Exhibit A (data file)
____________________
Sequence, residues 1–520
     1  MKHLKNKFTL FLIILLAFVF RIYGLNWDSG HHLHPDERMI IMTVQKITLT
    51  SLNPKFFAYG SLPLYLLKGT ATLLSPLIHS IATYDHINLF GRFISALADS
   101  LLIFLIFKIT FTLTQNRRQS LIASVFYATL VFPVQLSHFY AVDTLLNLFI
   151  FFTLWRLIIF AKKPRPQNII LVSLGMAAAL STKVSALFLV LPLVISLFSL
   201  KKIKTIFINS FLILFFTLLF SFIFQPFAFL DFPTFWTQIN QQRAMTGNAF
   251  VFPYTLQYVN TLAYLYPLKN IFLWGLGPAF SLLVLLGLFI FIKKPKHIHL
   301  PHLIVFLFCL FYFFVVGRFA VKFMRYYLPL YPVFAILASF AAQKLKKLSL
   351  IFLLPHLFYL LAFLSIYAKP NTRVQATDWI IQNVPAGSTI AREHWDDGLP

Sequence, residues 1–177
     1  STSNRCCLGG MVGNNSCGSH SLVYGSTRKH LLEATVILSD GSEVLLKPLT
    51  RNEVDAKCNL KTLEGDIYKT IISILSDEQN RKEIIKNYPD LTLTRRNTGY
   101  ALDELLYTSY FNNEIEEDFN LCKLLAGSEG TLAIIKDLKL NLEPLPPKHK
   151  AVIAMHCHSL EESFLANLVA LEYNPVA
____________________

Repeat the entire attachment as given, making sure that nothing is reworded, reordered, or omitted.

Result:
Sequence, residues 1–520
     1  MKHLKNKFTL FLIILLAFVF RIYGLNWDSG HHLHPDERMI IMTVQKITLT
    51  SLNPKFFAYG SLPLYLLKGT ATLLSPLIHS IATYDHINLF GRFISALADS
   101  LLIFLIFKIT FTLTQNRRQS LIASVFYATL VFPVQLSHFY AVDTLLNLFI
   151  FFTLWRLIIF AKKPRPQNII LVSLGMAAAL STKVSALFLV LPLVISLFSL
   201  KKIKTIFINS FLILFFTLLF SFIFQPFAFL DFPTFWTQIN QQRAMTGNAF
   251  VFPYTLQYVN TLAYLYPLKN IFLWGLGPAF SLLVLLGLFI FIKKPKHIHL
   301  PHLIVFLFCL FYFFVVGRFA VKFMRYYLPL YPVFAILASF AAQKLKKLSL
   351  IFLLPHLFYL LAFLSIYAKP NTRVQATDWI IQNVPAGSTI AREHWDDGLP

Sequence, residues 1–177
     1  STSNRCCLGG MVGNNSCGSH SLVYGSTRKH LLEATVILSD GSEVLLKPLT
    51  RNEVDAKCNL KTLEGDIYKT IISILSDEQN RKEIIKNYPD LTLTRRNTGY
   101  ALDELLYTSY FNNEIEEDFN LCKLLAGSEG TLAIIKDLKL NLEPLPPKHK
   151  AVIAMHCHSL EESFLANLVA LEYNPVA